Herniated Disc Pain Relief to Focus on Maintaining Good Posture
Herniated Disc Useful Advice
What is a herniated disc?
A herniated disc occurs when the nucleus pulposus, which is the gel-like inner substance of an intervertebral disc, breaks through the annulus fibrosus, which is the tough, outer rim of the tire-like structure. Pain is the most common symptom. However, nerve compression and inflammation can cause other symptoms including numbness, tingling and/or weakness in the extremities can also occur with a herniated disc.
A herniated disc can cause other symptoms, including reflex dysfunction or an abnormal reflex response in the arms or legs, depending on where in the vertebral column the disc rupture occurs.
- Cervical Spine: If a herniated disc occurs in the upper spine area, neck pain may result which radiates into the shoulders or arms.
- Thoracic Spine: Mid-spine disc herniation is uncommon. If a herniated disc occurs in this area, pain may radiate to the front or back of the body’s trunk
- Lumbar Spine: A herniated disc in the lower spine typically causes pain that may radiate or shoot into the buttocks, thighs, and legs. This is sometimes called sciatica.
If you have a herniated disc, it is especially important not to place any unnecessary pressure on your spine. Activities to be avoided include sleeping on your abdomen, wearing shoes with high heels and sitting or standing for extended periods. These all put extra stress on the injured or herniated disc. Focus on maintaining good posture, whether you are sitting or standing. When you need to lift something heavy, remember to keep your back straight and use your knees and hips, rather than your back to lift, which can further injure the herniated disc.
Following your herniated disc pain relief operation, your physician will probably recommend physical therapy before you begin an exercise routine on your own. A skilled therapist will help you choose exercises that are safe and effective for you as an individual. Exercise is essential to your herniated disc pain relief, as well as to maintain your spine health over time. It's the easiest and most sensible way to combat problems with your back.
Research has shown that exercise, done on a regular basis is linked to fewer back problems. It has many benefits for your spine health including:
- Strengthening: It can help re-strengthen your core muscles that help support your spine following herniated disc pain relief surgery, and also can strengthen the muscles of your arms and legs. Strength in your muscles reduces back strain.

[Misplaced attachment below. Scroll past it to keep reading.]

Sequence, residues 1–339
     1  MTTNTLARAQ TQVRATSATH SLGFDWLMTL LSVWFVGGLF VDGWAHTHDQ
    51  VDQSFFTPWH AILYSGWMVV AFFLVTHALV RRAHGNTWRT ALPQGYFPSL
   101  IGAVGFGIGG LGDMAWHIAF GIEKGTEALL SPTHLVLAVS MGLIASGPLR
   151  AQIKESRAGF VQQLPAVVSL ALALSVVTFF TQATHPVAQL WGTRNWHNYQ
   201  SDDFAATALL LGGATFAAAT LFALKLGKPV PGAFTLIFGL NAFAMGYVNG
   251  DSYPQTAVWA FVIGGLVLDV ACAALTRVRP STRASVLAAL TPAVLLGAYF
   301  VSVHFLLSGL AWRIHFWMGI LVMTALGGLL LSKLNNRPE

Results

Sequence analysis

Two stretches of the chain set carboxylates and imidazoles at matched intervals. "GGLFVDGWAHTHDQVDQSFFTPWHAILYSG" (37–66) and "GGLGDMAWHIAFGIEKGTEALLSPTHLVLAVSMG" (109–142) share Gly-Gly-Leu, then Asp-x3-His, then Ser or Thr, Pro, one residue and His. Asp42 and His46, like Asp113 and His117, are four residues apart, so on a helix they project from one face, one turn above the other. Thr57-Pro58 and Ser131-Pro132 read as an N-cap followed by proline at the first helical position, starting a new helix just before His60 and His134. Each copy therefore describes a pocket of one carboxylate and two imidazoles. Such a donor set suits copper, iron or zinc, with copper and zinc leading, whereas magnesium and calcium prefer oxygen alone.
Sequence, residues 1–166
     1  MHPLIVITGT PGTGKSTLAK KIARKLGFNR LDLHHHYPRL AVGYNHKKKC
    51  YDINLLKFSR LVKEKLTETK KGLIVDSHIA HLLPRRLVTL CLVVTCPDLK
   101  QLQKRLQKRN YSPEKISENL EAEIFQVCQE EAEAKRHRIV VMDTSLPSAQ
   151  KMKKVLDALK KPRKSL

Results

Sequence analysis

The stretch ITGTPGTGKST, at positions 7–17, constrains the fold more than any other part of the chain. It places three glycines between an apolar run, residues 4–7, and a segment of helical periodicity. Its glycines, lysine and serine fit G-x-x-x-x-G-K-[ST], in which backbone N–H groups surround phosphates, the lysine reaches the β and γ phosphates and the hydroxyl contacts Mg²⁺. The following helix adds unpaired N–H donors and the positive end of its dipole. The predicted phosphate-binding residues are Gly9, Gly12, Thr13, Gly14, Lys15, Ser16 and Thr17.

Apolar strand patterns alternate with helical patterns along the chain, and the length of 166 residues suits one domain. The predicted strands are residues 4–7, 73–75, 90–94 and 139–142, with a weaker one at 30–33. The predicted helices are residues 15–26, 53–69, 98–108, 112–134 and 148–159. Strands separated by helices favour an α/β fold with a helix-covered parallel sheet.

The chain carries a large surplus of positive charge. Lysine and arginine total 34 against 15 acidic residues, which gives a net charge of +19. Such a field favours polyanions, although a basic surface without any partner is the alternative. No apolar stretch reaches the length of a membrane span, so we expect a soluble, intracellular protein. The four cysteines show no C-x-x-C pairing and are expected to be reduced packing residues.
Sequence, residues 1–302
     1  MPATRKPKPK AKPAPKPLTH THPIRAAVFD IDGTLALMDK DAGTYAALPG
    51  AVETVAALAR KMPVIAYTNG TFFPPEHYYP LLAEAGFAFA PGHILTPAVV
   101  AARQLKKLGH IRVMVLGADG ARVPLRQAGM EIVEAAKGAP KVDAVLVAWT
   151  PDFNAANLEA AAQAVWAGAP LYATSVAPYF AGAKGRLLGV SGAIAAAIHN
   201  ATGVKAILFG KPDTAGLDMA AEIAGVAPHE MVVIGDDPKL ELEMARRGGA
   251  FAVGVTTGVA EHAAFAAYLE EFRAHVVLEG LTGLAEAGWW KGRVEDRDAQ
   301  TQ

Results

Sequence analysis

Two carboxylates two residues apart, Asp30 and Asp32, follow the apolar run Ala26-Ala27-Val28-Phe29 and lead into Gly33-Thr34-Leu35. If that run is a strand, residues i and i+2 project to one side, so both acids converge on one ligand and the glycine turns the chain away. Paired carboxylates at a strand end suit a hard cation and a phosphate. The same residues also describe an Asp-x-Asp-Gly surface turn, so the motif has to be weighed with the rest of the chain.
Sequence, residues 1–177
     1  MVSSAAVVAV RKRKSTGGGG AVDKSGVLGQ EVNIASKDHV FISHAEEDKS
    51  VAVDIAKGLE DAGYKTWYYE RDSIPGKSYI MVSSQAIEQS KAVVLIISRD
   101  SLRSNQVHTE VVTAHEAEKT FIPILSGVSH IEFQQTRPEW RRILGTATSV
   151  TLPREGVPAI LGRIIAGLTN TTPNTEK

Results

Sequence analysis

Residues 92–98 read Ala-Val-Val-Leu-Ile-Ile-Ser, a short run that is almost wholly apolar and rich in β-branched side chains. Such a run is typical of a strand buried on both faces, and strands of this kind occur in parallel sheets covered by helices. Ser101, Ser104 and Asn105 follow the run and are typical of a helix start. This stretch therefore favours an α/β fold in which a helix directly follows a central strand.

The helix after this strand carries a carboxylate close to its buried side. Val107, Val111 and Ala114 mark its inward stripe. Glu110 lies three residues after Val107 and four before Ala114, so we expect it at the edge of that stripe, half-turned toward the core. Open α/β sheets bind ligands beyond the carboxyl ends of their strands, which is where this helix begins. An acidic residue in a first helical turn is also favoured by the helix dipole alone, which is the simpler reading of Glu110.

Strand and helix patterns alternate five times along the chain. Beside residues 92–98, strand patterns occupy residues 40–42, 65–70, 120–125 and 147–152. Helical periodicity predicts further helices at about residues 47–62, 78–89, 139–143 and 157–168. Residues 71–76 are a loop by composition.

- Exercise can reduce your risk of falling and sustaining injuries.
- Stretching exercises decrease the risk of painful spasms in the muscles.
- Weight-bearing exercise helps to prevent osteoporosis, which in turn decreases your risk of compression fractures that can cause pain similar to that of a herniated disc.
- Aerobic exercise, the kind that increases your heart rate, can help to relieve pain. It stimulates the body to release its own "feel good" chemicals, called endorphins.
To Reduce Pain
The following suggestions may help you cope with the pain caused by a herniated disc:
- Relax: Find a position that's comfortable for rest, other than lying on your stomach. Lying on your stomach is called the "prone" position, and this is not recommended for people who have a herniated disc. You might be comfortable lying on your back with a small pillow or rolled towel placed under your knees. Or try lying on your side with a pillow or rolled towel between your knees. It's important to avoid staying in one position for too long if you have a herniated disc, as this can make your muscles stiff and sore.
- Walk: A 10 to 20-minute walk on a level surface twice a day can help improve blood flow and may help the pain of a herniated disc decrease. Avoid stairs, hills, and uneven surfaces. Walk only as far as you can without increased pain.
- Pain medication: It's usually better to stay ahead of the pain, instead of waiting until your pain is severe. Try taking the pain medication your doctor has recommended or prescribed for your herniated disc on a regular schedule.
- Ice or mild heat: While there are no studies that prove ice or heat help, they may temporarily ease the pain caused by a herniated disc. Some people get more pain relief by alternating between applications of cold and heat. Try both and see what works the best to control the discomfort caused by your herniated disc. Some suggestions for you:
- A warm bath or shower may help to relax muscles that are tense or may help to relieve muscle spasms caused by a herniated disc
- A heating pad: set only on medium or low; never on high. Apply for 15 to 20 minutes every 2 or 3 hours.
- A cold pack or ice pack may temporarily numb an area that is painful due to a herniated disc. Ice and cold can also relieve swelling. Apply for 15 to 20 minutes every 2 or 3 hours. Never place an ice pack directly on your skin; wrap the pack in a thin towel or tee-shirt or put it inside of a pillowcase.